Logan Heights will be the initial development site, with construction estimated to be completed early next year.
Those large metal shipping containers usually seen on cargo ships are being repurposed as homes for the homeless in San Diego according to 10 News.
Developers spoke to the news station last week about the Logan Heights project.
“When you say, ‘shipping containers’, it's like [people] go into the stratosphere,” developer Doug Holmes told the news channel.
Both Holmes and his business partner Michael Copley are with Makana Properties, the company behind the project.
“The appeal of containers was really more the speed in the construction,” said Copley.
Pictures of the concept show a normal facade, but on the inside, there will be 42 stacked, insulated metal shipping containers which create "21 fully loaded 320 square foot units with a kitchen, bathrooms and patios."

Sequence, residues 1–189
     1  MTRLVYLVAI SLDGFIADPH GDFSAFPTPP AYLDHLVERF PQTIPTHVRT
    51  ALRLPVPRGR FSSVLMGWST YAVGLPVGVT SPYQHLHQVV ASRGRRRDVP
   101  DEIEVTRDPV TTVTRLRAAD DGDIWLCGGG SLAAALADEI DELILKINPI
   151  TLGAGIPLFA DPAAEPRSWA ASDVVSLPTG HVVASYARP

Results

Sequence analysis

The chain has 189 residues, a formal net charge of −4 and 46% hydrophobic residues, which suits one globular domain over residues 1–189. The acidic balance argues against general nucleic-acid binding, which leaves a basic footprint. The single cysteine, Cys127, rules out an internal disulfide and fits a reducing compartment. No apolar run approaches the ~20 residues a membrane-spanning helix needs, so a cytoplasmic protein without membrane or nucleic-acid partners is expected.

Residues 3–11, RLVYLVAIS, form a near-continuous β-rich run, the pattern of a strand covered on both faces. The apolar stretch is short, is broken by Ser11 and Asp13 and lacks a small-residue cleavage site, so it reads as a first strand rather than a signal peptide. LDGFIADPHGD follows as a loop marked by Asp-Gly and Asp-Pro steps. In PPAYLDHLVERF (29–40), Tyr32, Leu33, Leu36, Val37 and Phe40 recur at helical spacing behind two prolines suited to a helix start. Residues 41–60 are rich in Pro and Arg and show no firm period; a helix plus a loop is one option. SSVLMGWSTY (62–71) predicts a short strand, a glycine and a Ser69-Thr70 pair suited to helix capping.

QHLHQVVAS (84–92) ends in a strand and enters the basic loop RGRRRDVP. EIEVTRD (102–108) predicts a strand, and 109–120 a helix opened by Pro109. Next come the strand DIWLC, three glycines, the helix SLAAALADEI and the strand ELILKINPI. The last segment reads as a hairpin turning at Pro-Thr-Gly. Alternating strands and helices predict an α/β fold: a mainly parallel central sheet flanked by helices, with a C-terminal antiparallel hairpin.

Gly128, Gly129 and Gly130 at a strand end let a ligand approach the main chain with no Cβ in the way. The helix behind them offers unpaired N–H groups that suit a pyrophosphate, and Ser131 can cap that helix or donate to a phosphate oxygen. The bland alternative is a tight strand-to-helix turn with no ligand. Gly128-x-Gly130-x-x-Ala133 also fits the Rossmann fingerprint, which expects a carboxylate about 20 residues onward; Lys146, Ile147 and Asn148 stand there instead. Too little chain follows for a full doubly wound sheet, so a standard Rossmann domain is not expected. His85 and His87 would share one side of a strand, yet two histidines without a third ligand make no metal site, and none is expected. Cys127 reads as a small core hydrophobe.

Assembly will be made away from the site and delivered in sections later on. “In one day, literally there's going to be a parade of trucks and a big crane on-site that drops the entire first level,” explains Holmes.
This isn't the first time the containers have been used in Southern California as alternate housing. There are currently 16 being utilized in Orange County.
The developers are looking at about three month turnaround time. They say the concept is also cost-effective.
“Right now, we're projecting $140,000 per unit,” says Copley.
The ones scheduled for Logan Heights will first be rented to homeless veterans using vouchers, but the idea isn't only for the homeless.
Makana Properties wants to bring even more containers to San Diego for people who need affordable housing.
“When the project is completed, it really is a very attractive looking building,” adds Holmes.
The completed Logan Heights building will also contain commercial space that can be used for free.
They are scheduled to break ground in the next few months with a scheduled completion date as early as next April according to 10 News.
You can see a video of the news report HERE.